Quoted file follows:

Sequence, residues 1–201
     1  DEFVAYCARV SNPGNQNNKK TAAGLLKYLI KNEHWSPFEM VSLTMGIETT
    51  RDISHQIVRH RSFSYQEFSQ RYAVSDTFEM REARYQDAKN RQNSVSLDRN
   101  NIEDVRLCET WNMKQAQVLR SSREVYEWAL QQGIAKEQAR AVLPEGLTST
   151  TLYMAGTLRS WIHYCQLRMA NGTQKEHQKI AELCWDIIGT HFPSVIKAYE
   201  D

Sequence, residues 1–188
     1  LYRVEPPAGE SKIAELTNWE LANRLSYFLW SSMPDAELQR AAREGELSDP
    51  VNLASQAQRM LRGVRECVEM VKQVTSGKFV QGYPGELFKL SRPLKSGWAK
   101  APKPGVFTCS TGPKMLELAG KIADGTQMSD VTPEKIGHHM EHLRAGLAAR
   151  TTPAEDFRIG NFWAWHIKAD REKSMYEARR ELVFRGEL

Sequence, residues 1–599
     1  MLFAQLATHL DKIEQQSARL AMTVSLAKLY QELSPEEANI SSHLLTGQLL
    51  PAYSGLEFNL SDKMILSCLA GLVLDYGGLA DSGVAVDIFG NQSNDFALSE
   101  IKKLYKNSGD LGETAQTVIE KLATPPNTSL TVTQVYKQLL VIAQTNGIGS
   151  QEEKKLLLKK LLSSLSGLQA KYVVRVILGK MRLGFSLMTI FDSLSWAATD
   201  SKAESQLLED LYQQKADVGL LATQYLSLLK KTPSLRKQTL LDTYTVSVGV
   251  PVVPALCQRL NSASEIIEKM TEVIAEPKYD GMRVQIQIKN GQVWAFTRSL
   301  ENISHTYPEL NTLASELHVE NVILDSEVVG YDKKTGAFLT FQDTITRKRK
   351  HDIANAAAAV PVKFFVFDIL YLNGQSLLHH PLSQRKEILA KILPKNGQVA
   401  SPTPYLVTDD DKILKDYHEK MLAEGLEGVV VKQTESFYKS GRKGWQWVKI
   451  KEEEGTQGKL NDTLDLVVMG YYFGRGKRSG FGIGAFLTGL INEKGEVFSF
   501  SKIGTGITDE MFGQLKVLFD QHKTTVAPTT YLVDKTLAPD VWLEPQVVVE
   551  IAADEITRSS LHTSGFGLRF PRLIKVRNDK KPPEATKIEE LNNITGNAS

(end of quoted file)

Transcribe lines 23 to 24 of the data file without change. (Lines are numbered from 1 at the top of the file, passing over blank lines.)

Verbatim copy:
   501  SKIGTGITDE MFGQLKVLFD QHKTTVAPTT YLVDKTLAPD VWLEPQVVVE
   551  IAADEITRSS LHTSGFGLRF PRLIKVRNDK KPPEATKIEE LNNITGNAS